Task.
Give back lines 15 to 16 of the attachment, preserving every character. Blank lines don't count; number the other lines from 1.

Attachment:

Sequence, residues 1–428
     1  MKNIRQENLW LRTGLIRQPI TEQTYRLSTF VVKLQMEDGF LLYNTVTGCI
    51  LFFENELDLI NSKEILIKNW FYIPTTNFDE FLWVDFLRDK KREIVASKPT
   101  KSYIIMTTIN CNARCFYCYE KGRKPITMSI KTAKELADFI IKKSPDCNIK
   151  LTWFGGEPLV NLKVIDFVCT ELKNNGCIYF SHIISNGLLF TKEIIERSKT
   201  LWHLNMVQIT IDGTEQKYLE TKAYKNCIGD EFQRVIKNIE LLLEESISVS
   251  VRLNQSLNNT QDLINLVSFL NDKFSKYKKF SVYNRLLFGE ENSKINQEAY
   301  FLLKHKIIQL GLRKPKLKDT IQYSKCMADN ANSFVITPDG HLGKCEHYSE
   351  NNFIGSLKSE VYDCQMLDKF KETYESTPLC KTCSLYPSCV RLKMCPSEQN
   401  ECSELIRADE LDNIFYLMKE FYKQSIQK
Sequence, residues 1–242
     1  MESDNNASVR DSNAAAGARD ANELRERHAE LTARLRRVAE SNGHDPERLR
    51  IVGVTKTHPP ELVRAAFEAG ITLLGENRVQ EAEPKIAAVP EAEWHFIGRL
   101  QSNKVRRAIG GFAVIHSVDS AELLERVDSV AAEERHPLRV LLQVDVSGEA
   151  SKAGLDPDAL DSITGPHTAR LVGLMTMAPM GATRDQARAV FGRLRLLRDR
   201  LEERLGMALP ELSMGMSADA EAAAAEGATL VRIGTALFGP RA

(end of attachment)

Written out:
   151  SKAGLDPDAL DSITGPHTAR LVGLMTMAPM GATRDQARAV FGRLRLLRDR
   201  LEERLGMALP ELSMGMSADA EAAAAEGATL VRIGTALFGP RA